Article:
I recently bought a Sony α6000 mirrorless camera, which I like a lot. Sony suggested doing the warranty registration, which sometimes has value on bigger purchases (especially those that may have firmware updates), so I decided to do it.
First issue: entering the model number. One might think (at least, I did) that the model number here is going to have something to do with "a6000", since that is on the box, the product literature, and so on. So I typed "a6000", and the very helpful completion gave me half a dozen matching model numbers, none of them exactly "a6000", and only one of them with a label saying what that model actually was. So I dug out the camera itself, squinted at the model number, and learned that it's actually an "ILCE6000" (the "E" seems to be very important to the system). The labeling wasn't very clear with that, but I'm pretty sure it's correct. Fortunately, the picture that showed up later for my "registered products" list looks right.
Second issue: The process collects more information than I would like to give just for a warranty registration, or that seems necessary for a warranty registration. Of course, I know they want to collect data for other reasons, but it doesn't give me a feeling of trust or better relationship with the company, especially one that has lost control of sensitive data in the past. This isn't unique to Sony, of course.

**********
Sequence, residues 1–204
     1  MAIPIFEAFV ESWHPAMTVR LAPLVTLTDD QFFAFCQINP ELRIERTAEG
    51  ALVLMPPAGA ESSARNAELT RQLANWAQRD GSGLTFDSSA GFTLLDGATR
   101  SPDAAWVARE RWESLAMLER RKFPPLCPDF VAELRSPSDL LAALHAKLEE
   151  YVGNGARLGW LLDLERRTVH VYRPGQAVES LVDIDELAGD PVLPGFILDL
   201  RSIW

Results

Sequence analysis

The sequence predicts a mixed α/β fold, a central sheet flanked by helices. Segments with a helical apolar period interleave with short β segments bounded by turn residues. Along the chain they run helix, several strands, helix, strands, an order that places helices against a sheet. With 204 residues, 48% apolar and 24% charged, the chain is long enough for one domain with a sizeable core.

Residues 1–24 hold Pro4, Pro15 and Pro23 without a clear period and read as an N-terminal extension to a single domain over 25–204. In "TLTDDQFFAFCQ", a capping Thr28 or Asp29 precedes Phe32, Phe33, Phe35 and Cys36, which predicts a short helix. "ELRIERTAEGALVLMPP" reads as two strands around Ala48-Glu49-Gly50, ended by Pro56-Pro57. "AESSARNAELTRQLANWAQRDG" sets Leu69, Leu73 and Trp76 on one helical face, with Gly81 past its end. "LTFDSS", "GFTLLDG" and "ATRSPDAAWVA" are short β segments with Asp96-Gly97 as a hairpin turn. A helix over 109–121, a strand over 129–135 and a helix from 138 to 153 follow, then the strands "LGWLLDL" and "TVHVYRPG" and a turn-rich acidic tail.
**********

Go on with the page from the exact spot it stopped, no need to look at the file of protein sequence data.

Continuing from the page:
I generally avoid complaining about things on this blog—there's plenty of that on the Internet already. What I wanted to point out was that we are still building web sites and applications that are designed to be easy for the computers (and probably the programmers) to deal with, rather than working out a user experience that uses cheap compute cycles to make the process easier and more engaging for the person using it. (Actually, the fact that we still just talk about "users" is likely a symptom of the underlying problem.) This lack of attention to the customer is especially common on post-sale systems, from warranty registration to customer support. This could have been an opportunity for Sony to create a compelling experience that gets me more excited about the camera, and possibly about other Sony products. Instead, it's a dull, boring dead end that made me work harder.
Lessons I would commend to big companies (and small, but the big ones seem to suffer more from the disease): every time a customer gets in touch with you is an opportunity to build a better relationship. Every time you fail to improve the relationship pushes the customer away.